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  • Author: Christina W.Y. Hui-Chan x
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William W.N. Tsang and Christina W.Y. Hui-Chan


To determine whether older golfers have better static and dynamic balance control than older but nongolfing healthy adults.


Eleven golfers and 12 control participants (all male; 66.2 ± 6.8 and 71.3 ± 6.6 yr old, respectively) were recruited. Duration of static single-leg stance was timed. Control of body sway was assessed in single-leg stance during forward and backward platform perturbations. The lunge distance normalized with respect to each participant’s height was used to compare the 2 groups in a forward-lunge test.


Golfers maintained significantly longer duration in static single-leg stance. They achieved less anteroposterior body sway in perturbed single-leg stance and lunged significantly farther than did control participants.


The better static and dynamic balance control exhibited by older golfers possibly reflects the effects of weight transfers from repeated golf swings during weight shift from 2-leg to predominantly 1-leg stance and from walking on uneven fairways.

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Rini Varghese, Christina W.Y. Hui-Chan and Tanvi Bhatt

This study quantified the effect of aging and the long-term practice of Tai Chi on upper limb movement control, indicated by performance outcome (temporal) and performance production (amplitude) measures, on a multiplanar stand-reaching (i.e., functional) task. Twelve Tai Chi practitioners (TCPs), 11 age-matched older nonpractitioners (ONPs), and 12 young subjects performed cued, flexion-reaching, and abduction-reaching tasks using a custom set-up. Surface EMG and acceleration data sampled from wireless sensors rendered performance outcome (reaction time, burst duration, time to peak, and movement time) and performance production (normalized EMG amplitude and peak acceleration) measures. Young subjects and TCPs demonstrated better performance outcome and performance production than ONPs. Relative-effect computations (i.e., the effect of Tai Chi expressed as a percentage of the effect of aging) showed that TCPs exhibited approximately 20–60% (flexion) and 20–100% (abduction) improvement in reaching task performance compared with ONPs. Tai Chi practitioners displayed better arm movement control than ONPs on a relatively challenging and functional stand-reaching task.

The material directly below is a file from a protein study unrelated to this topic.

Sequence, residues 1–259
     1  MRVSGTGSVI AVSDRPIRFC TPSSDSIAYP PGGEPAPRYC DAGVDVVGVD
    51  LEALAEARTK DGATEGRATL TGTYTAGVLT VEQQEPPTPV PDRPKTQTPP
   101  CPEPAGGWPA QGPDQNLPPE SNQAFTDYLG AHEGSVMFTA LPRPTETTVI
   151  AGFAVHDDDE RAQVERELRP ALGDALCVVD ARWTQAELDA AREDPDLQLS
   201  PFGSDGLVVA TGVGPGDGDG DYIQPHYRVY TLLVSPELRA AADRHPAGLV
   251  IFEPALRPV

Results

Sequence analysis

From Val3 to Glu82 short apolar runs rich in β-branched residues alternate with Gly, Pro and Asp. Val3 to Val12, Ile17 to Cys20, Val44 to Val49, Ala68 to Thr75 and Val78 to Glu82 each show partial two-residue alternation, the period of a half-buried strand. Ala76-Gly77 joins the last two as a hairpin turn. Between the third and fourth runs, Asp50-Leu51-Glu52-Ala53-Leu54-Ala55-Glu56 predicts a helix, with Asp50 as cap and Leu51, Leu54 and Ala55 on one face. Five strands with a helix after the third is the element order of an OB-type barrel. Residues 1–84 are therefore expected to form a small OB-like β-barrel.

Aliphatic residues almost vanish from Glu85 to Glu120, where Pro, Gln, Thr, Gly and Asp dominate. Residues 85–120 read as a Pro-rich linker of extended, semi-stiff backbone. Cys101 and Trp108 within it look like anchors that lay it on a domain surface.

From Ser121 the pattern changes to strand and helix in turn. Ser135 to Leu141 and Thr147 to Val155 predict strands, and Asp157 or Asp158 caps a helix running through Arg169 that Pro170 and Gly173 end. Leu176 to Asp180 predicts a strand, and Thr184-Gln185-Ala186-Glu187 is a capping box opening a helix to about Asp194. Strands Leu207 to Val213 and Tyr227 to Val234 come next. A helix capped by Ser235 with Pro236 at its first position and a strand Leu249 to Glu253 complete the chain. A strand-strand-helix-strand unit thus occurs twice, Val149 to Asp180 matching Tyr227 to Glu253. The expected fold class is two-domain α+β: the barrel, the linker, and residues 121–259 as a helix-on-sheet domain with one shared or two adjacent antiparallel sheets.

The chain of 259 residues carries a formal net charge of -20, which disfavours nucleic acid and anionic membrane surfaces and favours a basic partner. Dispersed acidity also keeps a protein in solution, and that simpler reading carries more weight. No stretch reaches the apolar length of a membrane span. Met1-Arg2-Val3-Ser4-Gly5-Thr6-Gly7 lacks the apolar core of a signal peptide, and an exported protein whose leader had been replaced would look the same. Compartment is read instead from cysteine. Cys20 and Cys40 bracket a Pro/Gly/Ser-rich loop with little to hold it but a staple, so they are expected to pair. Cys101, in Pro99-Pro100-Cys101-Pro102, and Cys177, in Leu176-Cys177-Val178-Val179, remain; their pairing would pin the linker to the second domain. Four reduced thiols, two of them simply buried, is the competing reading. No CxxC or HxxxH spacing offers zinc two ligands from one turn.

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Margaret K.Y. Mak, Oron Levin, Joseph Mizrahi and Christina W.Y. Hui-Chan

Calculation of joint torques during the rising phase of sit-to-stand motion is in most cases indeterminate, due to the unknown thighs/chair reaction forces in addition to the other sources of uncertainties such as joint positioning and anthropometric data. In the present study we tested the reliability of computation of the joint torques from a five-segment model; we used force plate data of thighs/chair and feet/ground reaction forces, in addition to kinematic measurements. While solving for joint torques before and after seat-off, differences between model solutions and measured data were calculated and minimized using an iterative algorithm for the reestimation of joint positioning and anthropometric properties. The above method was demonstrated for a group of six normal elderly persons.